"This is a craven attempt to protect human-rights abusers at the expense of victims," said Kenneth Roth, executive director of New York-based Human Rights Watch (HRW). "The Bush administration is trying to overturn a long-standing judicial precedent that has been very important in the protection of human rights."

    Other rights activists agreed. "The brief is a broadside attack designed to wipe the law off the books," said Elisa Massimino, director of the Washington office of the Lawyers Committee for Human Rights (LCHR), while Terry Collingsworth, director of the International Labor Rights Fund (ILRF) and one of the lead lawyers in the Myanmar case, called the move "shocking".

    "They're not just saying a bunch of Burmese peasants can't sue a US oil company," said Tom Malinowski, director of HRW's Washington office. "They're saying Holocaust survivors were wrong to have sued German companies for enslavement during World War II, and that victims of genocide in Bosnia were wrong to try [Serb leader Radavan] Karadzic in US courts. I don't think this administration wants to be seen as denying victims rights in these cases."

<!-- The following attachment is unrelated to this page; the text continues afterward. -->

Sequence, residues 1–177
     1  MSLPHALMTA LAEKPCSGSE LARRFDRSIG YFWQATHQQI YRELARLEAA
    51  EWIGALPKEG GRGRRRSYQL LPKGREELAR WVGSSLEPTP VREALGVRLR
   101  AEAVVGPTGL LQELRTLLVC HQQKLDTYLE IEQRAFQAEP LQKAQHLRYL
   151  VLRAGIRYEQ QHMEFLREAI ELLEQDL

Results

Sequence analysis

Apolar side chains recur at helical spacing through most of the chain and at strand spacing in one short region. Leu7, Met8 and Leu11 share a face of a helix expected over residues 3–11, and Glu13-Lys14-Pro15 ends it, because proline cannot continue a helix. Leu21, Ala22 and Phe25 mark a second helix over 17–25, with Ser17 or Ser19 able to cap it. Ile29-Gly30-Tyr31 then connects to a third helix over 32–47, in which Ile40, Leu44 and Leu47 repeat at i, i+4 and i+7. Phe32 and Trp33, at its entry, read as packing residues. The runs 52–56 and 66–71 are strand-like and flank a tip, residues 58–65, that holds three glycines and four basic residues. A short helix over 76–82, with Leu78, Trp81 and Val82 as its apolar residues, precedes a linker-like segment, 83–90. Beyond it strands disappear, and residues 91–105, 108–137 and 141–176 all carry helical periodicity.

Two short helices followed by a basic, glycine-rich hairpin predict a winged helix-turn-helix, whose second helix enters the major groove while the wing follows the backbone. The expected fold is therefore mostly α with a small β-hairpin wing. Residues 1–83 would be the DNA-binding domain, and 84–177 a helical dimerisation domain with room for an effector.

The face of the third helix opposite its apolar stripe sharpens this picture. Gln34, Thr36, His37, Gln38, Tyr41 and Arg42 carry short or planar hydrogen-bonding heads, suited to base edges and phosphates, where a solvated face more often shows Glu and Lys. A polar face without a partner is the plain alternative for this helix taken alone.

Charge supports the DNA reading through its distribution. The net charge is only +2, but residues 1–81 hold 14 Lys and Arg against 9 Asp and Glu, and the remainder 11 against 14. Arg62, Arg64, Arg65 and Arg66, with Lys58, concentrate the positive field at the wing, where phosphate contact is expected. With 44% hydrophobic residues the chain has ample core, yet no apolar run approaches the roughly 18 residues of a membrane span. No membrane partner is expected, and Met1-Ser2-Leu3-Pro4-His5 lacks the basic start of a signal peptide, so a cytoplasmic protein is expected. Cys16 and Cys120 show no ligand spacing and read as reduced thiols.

Jim Lobe Asia Times May 17, 2003


    The millions of Turks living in cities and towns on or near the strait have good reason to be worried. Over the years, many serious accidents have occurred. The worst involved a collision between a tanker and a dry cargo vessel in 1994; 29 crew members burned to death in the flaming crude, and all shipping was blocked for five days. Turkey is pushing the United Nations' International Maritime Organization to approve new rules for safety in navigation, including mandatory use of pilots, but political considerations make action difficult. Meanwhile, the big ships continue on their way. Warns one Turkish maritime expert: "Every ten minutes there is risk."

    Rudolph Chelminski, November 1998 issue of Smithsonian

    Bellarmine spent much of his time in theological controversies, mostly involving papal power. He engaged in a public debate, a war of books and pamphlets, concerning the divine right of kings with James I of England. The issue of papal power revolved around the theory of the indirect power of the Pope. His spiritual power is direct and primary; he was not, however, without temporal power because he might have to act with regard to temporal things which affected the spiritual ones. This was the Pope's indirect power, which Bellarmine defended all his adult life.